Andrew Adamson and Vicky Jenson, the directors of this spiffy animated comedy, have hit the jackpot with a story about some lovable losers who will connect with people of all ages. Loosely based on the 1990 illustrated children's book by William Steig, it follows the ancient quest motif where a knight must rescue a princess from a castle surrounded by a moat and an angry dragon.

Only in this witty tale, everything is turned inside out with surprises abounding at every turn. Shrek (voiced by Mike Meyers) is an ugly green ogre who enjoys living alone in a swamp. When he suddenly finds his private space overrun by fairy tale squatters including the three blind mice, Snow White and the seven dwarfs, Pinocchio, and others, he stomps off to see Lord Farquaad (John Lithgow), a pint-sized egomaniac who desperately wants to be king. This nasty little fellow comes up with the grand idea of sending Shrek on a mission to save the princess trapped in the castle tower.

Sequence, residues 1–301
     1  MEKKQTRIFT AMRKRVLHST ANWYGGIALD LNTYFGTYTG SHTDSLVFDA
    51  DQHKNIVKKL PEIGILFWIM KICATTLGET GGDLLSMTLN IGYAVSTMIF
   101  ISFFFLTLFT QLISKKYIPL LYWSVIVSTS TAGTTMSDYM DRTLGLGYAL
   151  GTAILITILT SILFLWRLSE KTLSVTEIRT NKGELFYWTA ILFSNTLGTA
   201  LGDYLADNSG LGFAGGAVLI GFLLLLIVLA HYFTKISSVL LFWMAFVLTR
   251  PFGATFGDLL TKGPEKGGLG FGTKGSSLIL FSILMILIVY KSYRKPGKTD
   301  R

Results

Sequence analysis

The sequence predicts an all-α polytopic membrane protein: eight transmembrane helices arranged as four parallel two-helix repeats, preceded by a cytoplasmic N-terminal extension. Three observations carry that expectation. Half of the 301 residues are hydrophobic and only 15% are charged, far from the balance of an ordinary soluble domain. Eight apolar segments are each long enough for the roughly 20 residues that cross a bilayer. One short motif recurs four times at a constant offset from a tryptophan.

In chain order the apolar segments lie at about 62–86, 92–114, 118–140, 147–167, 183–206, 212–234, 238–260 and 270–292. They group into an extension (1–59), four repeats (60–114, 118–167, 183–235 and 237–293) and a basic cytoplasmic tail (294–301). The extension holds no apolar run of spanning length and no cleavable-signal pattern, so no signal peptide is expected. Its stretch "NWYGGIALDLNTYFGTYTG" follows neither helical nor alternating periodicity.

In this very humorous comedy, Shrek's Don Quixote has his Sancho Panza — a talking donkey played by the slap-happy and loquacious Eddie Murphy. The rescue operation goes well after the fire-breathing dragon develops the hots for the donkey. Meanwhile, Fiona (Cameron Diaz) turns out to be a most unusual princess, a tough cookie with a big secret.

Shrek is this year's Chicken Run with a smashing assortment of innovative bits, slapstick sequences, and a bevy of pop tunes that hit the right spot at just the right moment. The background settings and the expressive faces of Shrek and all the animal characters are top-drawer. Whereas Chicken Run celebrated the Holy Grail of freedom, this zesty tale extols the importance of inner beauty in a world where quick judgments all too often cause untold pain and loneliness. Shrek is a creative lark from start to finish.